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Profiler was an American Forensic Drama on NBC starring Ally Walker as Samantha "Sam" Waters, a borderline-empathic criminal profiler working for the FBI. Along with the obvious influence of The Silence of the Lambs, it is considered the precursor to modern forensic shows, with its characters operating out of an inexplicably dark room with monitors and chasing overly-elaborate Serial Killers.

Also notable for having a series-wide Myth Arc (a rarity in police shows back then) involving the "Jack of All Trades", an elusive killer who is fixated on Sam. Ally Walker left the show early in Season Four, which also wrapped up the Jack storyline.

In response to its star's departure, the show underwent a Retool with a suspiciously similar heroine, Rachael Burke. The show's writers also cooked up a brand-new Big Bad for the feds to fight, a faceless crime kingpin named Damian Kennasas. Needless to say, the show wasn't as compelling as before and was soon canceled. As chance would have it, this was mirrored by a B-plot involving the probable shutdown of the task force's office thanks to congressional budget cuts.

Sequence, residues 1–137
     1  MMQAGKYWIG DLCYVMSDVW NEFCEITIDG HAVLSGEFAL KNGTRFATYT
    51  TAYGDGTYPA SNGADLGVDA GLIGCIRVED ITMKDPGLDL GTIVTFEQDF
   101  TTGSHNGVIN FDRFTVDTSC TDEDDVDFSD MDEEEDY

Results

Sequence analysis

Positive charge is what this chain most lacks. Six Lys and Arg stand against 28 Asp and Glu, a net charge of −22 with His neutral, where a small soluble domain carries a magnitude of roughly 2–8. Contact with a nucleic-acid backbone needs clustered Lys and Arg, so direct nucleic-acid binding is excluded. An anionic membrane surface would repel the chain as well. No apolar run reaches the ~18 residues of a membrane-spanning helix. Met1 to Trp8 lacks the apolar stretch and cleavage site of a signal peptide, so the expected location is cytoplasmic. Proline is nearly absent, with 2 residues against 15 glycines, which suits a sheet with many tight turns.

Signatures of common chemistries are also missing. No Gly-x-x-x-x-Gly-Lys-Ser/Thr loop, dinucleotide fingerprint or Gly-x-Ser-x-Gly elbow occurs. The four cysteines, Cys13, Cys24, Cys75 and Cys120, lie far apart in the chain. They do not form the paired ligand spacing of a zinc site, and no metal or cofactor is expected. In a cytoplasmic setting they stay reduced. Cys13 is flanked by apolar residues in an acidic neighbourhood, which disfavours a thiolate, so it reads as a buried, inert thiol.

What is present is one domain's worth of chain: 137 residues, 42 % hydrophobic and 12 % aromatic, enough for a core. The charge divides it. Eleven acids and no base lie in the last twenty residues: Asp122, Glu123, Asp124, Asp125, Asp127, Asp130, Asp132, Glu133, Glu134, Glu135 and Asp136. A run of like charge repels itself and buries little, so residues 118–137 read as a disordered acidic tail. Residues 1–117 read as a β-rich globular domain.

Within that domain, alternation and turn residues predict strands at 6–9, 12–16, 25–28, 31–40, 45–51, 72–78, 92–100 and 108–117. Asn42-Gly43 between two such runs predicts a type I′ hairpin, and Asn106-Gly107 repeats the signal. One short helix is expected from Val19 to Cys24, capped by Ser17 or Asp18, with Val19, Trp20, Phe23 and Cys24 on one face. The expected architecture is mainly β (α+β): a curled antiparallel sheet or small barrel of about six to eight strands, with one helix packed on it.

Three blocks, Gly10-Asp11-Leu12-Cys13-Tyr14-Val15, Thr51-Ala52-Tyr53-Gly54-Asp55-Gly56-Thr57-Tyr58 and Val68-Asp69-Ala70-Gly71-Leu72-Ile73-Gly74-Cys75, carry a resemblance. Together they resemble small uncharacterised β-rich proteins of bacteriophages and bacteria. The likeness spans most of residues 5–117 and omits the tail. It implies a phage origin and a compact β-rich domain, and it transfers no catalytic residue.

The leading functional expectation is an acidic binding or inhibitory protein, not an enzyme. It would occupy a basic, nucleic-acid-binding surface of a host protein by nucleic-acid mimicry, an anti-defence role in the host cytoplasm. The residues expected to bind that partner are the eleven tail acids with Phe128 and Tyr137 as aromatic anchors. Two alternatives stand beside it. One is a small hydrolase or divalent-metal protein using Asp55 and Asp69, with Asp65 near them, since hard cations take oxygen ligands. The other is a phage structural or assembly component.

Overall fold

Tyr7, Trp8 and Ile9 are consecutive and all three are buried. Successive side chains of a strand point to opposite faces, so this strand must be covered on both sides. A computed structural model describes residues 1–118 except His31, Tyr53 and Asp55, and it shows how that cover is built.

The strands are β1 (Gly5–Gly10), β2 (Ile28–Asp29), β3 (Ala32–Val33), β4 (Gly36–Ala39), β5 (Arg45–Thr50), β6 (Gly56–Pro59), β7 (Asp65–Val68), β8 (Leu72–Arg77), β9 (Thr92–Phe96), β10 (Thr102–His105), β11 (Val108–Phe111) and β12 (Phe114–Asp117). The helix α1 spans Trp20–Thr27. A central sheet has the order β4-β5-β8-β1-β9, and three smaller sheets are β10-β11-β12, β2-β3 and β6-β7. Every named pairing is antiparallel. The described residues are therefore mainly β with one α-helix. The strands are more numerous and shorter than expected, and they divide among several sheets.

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For the trope, see The Profiler.


This show provides examples of:

  • Animal Assassin: A serial killer in the season 1 finale uses an assortment of creatures as her weapons of choice: poison dart frogs, sea snakes, venomous spiders, and even an octopus.
  • Arch-Enemy: Jack is obsessed with Sam, stalking her and killing her husband. She and her daughter Chloe are living under 24 hour FBI protection when the series starts.
  • Bastard Boyfriend: Jack's "apprentice" Jill had a huge crush on him. He started training her as his Distaff Counterpart and tried making her into an ersatz Sam. He also beat and abused her when her murders didn't meet his standards and she became jealous of his obsession with Sam.
  • Big Bad: Jack of All Trades.